Feb. 7th, 2019 04:25 am
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After much drama, we are getting the piano! (A baby grand for my church, if you didn't read my last post.) In fact-- we are getting it Friday! So now the drama is replaced by a scramble to get some of the other necessities and prepare the space.

tl:dr )
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Edited transcript of a chat with the delightful [personal profile] amaebi:

kayrevt: I also wrestled with Kung some more

Mary Ann: Did Kung yield rewards?

kayrevt: i am struggling to absorb him, at this point…. but he seems to be drawing a line from Catholicism failing to cope with Galileo and Copernicus, to Protestant fundamentalism

kayrevt: and i am finding myself admiring, again, the Amish and conservative Mennonites, for their honest and relatively consistent fundamentalism

Mary Ann: Ah! And its humility and Menschiness, I’m thinking.

kayrevt: yes, and actually largely following the teachings of Jesus even with regard to those who disagree with them (with of course the horrible exception of internal disagreement)

kayrevt: they reject as much as they can of modern society because to them it seems inconsistent with Christianity....

kayrevt: they don’t drive cars, use computers, participate in modern society to a huge degree, and then cherrypick certain areas to reject and revile

kayrevt: they also haven’t bought into the idolization of Logic and Reason

Mary Ann: Who idolizes logic and reason?

kayrevt: our typical American Protestant Fundamentalists (may I go with APFs?) try to prove their faith with logic and reason, in essence trying to beat modernity at its own game

kayrevt: Amish confronted with a fossil, will probably say more or less that they don’t know exactly how they fit with the Biblical creation story, and moreover, don’t particularly care

kayrevt: APFs have to find a logical (by their lights) explanation

Mary Ann: Ah, all that scriptural logic-chopping. Got it.

Mary Ann: And the long, long inference chains.

kayrevt: and when all that fails, the Devil  :p

(To be clear, I don't actually find the Amish position intellectually satisfying; I just admire their honesty and consistency in holding it.)
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Organ guy came Monday. The new problem is a failing power supply. Total cost came to $40 over what I was authorized to spend; I gave him the go-ahead anyway. We also discussed the fact that the pedal contacts badly need cleaned. I asked if the pedals plug in, as is often the case, rather than being hardwired-- and since the answer was Yes, asked if he would take the pedals with him in case I could also get that work authorized. He was happy to do so, so the organ is now an almost empty shell- no keyboards or pedals.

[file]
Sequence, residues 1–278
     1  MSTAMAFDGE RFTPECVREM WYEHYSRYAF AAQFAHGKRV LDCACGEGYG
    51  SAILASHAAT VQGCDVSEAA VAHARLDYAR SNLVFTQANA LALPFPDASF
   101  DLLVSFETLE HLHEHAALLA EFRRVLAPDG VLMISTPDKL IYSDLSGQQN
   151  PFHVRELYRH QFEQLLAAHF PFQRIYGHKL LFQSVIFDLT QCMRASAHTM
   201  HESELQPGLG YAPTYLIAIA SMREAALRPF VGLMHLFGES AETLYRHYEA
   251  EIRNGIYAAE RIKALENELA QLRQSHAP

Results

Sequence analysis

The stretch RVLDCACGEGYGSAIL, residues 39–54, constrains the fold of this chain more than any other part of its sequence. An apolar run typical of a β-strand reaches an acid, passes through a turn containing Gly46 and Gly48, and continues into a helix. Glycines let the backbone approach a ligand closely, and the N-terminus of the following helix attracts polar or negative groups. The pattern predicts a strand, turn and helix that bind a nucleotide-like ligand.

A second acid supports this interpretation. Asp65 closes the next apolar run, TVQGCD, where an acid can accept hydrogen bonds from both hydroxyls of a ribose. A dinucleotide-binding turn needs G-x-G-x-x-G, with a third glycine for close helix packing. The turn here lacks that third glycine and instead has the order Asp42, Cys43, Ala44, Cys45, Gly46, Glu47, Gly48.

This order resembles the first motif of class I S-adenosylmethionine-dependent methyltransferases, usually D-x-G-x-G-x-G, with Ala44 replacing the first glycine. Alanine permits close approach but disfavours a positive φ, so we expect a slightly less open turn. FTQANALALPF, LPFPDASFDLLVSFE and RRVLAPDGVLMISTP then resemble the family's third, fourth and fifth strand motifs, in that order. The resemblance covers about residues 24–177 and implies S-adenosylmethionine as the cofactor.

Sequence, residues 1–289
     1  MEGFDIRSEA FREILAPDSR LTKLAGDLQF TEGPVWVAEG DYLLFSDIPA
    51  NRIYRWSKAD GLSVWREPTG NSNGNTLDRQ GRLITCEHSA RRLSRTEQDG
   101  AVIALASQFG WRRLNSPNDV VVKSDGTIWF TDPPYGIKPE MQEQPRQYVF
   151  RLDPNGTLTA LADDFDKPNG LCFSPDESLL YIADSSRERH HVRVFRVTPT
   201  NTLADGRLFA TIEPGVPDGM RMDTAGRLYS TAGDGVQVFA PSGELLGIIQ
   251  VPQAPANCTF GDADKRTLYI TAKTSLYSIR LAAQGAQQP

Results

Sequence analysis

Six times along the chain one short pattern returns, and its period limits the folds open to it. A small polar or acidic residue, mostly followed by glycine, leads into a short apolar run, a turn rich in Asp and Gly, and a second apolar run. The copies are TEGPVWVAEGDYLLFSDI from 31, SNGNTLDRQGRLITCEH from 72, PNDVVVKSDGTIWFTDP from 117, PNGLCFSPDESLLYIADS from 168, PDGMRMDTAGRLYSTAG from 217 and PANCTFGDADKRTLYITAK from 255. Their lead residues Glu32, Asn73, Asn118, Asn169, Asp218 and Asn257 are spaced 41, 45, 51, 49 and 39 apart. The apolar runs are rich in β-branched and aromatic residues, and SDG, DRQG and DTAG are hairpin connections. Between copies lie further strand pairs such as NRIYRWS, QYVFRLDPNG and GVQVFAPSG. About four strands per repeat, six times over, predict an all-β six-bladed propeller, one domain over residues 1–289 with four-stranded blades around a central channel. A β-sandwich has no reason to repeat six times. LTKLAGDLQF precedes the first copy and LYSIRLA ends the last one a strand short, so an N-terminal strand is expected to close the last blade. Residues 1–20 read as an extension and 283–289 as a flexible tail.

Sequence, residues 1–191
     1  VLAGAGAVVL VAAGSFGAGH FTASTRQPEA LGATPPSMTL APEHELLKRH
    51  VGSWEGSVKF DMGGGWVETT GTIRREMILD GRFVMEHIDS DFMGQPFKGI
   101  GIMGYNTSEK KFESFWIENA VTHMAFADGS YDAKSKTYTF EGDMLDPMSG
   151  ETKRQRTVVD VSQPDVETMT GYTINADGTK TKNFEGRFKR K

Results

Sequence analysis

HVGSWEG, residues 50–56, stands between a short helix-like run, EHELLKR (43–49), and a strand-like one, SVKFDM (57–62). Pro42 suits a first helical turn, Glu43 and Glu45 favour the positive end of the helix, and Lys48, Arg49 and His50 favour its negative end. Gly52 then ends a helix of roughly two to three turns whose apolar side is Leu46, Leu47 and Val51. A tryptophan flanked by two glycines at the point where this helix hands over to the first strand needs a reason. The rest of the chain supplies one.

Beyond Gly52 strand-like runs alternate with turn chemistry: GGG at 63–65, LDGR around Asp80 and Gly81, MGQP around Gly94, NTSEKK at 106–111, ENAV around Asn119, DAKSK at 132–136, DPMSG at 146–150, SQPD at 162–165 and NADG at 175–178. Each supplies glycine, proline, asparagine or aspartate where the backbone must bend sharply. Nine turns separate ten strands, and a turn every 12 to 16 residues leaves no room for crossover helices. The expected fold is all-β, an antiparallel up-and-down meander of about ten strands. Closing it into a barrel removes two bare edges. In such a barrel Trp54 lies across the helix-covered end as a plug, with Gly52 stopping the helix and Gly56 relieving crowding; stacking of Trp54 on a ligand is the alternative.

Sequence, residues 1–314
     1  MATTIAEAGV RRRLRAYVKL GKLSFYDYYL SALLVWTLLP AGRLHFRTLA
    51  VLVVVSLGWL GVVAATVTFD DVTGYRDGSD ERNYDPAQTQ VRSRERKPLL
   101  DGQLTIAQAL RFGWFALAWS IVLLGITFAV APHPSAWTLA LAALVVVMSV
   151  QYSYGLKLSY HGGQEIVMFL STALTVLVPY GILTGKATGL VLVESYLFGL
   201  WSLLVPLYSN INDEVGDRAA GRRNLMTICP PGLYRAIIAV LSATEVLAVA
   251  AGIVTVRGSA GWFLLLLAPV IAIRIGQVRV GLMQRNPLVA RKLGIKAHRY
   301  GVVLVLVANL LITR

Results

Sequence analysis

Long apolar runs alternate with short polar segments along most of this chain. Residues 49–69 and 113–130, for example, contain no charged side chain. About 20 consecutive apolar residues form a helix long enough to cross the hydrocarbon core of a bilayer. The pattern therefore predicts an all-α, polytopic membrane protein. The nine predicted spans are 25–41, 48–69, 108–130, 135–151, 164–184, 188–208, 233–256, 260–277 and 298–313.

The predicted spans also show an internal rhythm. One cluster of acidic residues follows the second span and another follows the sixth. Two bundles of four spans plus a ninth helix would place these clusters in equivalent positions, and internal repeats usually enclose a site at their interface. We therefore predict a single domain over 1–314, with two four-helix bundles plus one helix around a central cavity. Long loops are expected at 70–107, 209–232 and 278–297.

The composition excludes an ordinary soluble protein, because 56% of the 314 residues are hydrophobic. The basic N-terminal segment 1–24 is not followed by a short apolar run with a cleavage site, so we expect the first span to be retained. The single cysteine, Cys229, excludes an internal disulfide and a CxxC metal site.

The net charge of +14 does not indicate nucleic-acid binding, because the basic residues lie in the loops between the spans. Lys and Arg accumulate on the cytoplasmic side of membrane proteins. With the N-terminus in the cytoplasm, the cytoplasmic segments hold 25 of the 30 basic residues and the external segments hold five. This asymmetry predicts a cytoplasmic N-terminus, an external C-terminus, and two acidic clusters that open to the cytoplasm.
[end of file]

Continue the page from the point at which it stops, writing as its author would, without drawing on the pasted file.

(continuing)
Session was tonight. This is all happening in the midst of budget time, so I was worried; but the church has a very healthy capital endowment. Apparently the total discussion was "So if this isn't done, we don't have an organ? That's what the endowment is for!" They funded everything, including the pedal cleaning.

And that silver lining of convincing the organ guy that I know a thing or two? Got it in a big way. Every single thing I mentioned hearing was born out. He was really surprised that I could hear the varying wind pressure. And when I told him that I thought I had once had a mouse in the pipe case, but not an ongoing problem, he immediately looked in... and confirmed that there were a few old, dry droppings but no sign of a current infestation. We are both wondering if a particular pipe that isn't working properly will turn out to contain a mouse skeleton!
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The organ I play last had major work done on it in the 1990s; some stuff is starting to wear out. My church is feeling nervous about money lately, but there's a substantial capital fund for maintenance, so I recently got $7000 authorized for replacement contacts on the manuals. They've been breaking one by one; this will replace all 120 of them at once, with a 5 year guarantee.

Last week I began to notice a little 'wobble' in the sound of the instrument-- uneven wind pressure. Yesterday during the nonmusical moments of a memorial service I was staring at the organ, and suddenly realized that the wind pressure indicator light was flicking on and off randomly-- off for a second or two, anywhere from 10 to 30 seconds apart. So there's definitely a problem in the air pressure-- leaky wind chest, failing motor, valve stuck open. The organ tech comes tomorrow morning. At this point my instructions are to tell him to go ahead with the keyboard repairs, and I'm able to authorize up to $700 for whatever the new problem is. If it's more expensive than that, which is all too likely, it'll have to go to Session (ruling body of the church) Tuesday night. Whee.

Tiny silver lining is that the tech is going to be impressed that I heard this before failure was obvious. Anything that convinces an organ or piano tuner that the organist or pianist is not a talented idiot is a plus.


Jan. 7th, 2019 08:02 pm
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Haven't posted about my research into the history of American Protestant Christian Fundamentalism for a while, partly because church organist/Christmas, but also because I got into a tangle over the early relevant documents. Today I think I finally sorted out my confusion.

The early blockbuster documents are indeed the 12 volume set of The Fundamentals, with multiple authors, of which I bought a set. Those were condensed into a four volume set in 1918. But the tricky part is that the main editor wrote his OWN Fundamentals-- The Fundamentals of Christian Doctrine by R. A. Torrey, 1918. And it appears to me that modern fundamentalists are most likely to be referring to his book rather than the first volumes, though I'm not positive of that. I've also read a reliable comment that his work is more extreme than the early collections.